Hanson has a long history in the marketing of dietary supplement ingredients and finished products. He managed the FloraGlo Lutein brand at Kemin, and more recently worked with companies as consultant through his firm Grip Ideas. Hanson has developed a deep set of connections in the industry, which led to his recent naming as Senior Advisor to investment firm Columbia West Capital, based in Scottsdale, AZ.
Supplement outlook strong
The effects of the actions of New York Attorney General Eric Schneiderman in 2015 appear to have been mostly cosmetic in nature. While it led to much hand wringing on the part of industry executives and some unwelcome attention from certain politicians, it has had very little discernible effect on dietary supplement sales. Hanson said dietary supplement ingredient and finished product companies continue to be hot acquisition targets, and long term structural factors in the economy favor this trend.
“From my perspective as I look at the health and wellness industry things have never been better. Trying to be healthy has gone from where it used to be a niche idea that concerned 10% or 20% of the population to now where it has become mainstream. People talk about their health more and they share it on social media more. Consumers are adopting healthy foods more and they’re changing their lifestyles,” Hanson told NutraIngredients-USA.
“What that means from investment perspective is because so many of the larger companies that are in the packaged goods and processed food industries don’t necessarily have the entrepreneurship capabilities in house to launch these new, innovative products, they are constantly looking for new products and new ingredients to acquire,” Hanson said.
Hanson said companies are looking for new and unusual ingredients and finished products, and that doesn’t necessarily mean patented processes.
“More so than anything people are looking for something that is unique, and that doesn’t always mean something that is proprietary. They are looking for some amount of brand awareness, some marketing clout,” he said.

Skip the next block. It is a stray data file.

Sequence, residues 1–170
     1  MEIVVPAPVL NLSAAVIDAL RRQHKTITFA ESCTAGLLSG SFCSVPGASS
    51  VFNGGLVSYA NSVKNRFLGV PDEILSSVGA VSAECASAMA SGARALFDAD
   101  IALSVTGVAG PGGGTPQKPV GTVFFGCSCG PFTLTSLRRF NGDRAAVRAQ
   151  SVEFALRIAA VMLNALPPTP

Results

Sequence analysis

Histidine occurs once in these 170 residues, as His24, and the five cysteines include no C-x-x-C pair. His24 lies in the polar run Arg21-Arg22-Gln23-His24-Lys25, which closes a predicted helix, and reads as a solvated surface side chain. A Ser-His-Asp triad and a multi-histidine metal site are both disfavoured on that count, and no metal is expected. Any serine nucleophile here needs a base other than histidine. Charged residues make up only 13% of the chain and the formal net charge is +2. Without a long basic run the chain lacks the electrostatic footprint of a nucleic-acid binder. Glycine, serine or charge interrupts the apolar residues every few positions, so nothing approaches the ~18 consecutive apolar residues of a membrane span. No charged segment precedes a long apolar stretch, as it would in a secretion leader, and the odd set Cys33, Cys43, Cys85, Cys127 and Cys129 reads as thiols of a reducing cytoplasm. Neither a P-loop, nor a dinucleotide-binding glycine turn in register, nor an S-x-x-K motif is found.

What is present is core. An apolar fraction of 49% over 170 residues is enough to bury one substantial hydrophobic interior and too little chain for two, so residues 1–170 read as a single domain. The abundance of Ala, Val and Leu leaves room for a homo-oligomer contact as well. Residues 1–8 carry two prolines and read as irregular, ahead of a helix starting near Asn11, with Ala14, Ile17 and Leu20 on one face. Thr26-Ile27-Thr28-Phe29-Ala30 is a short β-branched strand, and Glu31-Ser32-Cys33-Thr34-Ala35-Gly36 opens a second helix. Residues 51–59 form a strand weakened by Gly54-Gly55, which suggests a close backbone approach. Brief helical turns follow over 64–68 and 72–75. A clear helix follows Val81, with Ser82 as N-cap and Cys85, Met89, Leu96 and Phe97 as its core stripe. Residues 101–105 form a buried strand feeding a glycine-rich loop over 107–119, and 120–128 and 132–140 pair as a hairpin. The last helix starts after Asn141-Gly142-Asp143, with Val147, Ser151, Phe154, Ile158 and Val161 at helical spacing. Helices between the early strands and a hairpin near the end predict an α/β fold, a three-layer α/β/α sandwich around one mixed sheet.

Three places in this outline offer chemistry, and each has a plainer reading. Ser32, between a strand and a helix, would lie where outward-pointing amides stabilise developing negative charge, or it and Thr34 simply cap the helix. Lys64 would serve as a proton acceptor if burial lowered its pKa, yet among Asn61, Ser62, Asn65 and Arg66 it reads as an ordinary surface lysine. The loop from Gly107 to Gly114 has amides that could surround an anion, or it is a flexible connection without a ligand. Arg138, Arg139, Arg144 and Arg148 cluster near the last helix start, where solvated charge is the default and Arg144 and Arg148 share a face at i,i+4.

And from Hanson’s point of view the NYAG affair has had no effect on what he sees as the biggest opportunity for supplements, which can be found in Asia overall and an in China in particular.
Hanson splits Asia up into component parts, as China is so much bigger relative to the other markets and its regulations stand apart from those of the ASEAN nations. Chinese consumers have a growing interest in dietary supplementation, and even with the recent slight slowing of economic growth there, the middle class in the country grows by millions every year.
At the retail level the Chinese market is a complex one, with a potentially confusing set of overlapping regulations. Network marketing companies focused on selling nutritional supplements, such as Herbalife and Usana, have found a way to sidestep the difficulties inherent in trying to compete for shelf space by working through their network of distributors local sales offices. This model also helps ameliorate the distribution nightmares inherent in traffic-choked Chinese urban areas.
Hanson said for mid-level companies who are not participating in the network marketing game there is another way. The Internet has spawned a cross-border trade in supplements into China that dwarfs any other market on earth.
“China’s overall economic growth has slowed somewhat but in comparison to other markets it is still very dramatic. The biggest platform is in cross-border sales, where they will buy supplements online and ship them. A recent statistic from China Daily put the value of the Internet medicines sales at $1.1 trillion last year (supplements are regulated as a subset of medicines in China). That’s incredible,” Hanson said. According to information from China Daily much of this activity is carried on on sites such as Tmall and Taobao, platforms of Alibaba Group Holding Ltd.
Hanson said the Made-in-USA message is a powerful one and is helping to drive the growth of the cross-border traffic. After a number of public health scares and scandals, Chinese consumers don’t trust in-country brands as they once did. And companies from other countries have a quality halo for Chinese consumers too, Hanson said. Another recent China Daily article cited the success of Australian supplement brands Swisse Wellness and Blackmores in the market. Blackmores reportedly sold almost $106 million worth of supplements in China over the past year, accounting for almost a third of its total revenue, news which drove optimistic stock traders to more than triple the company’s stock price.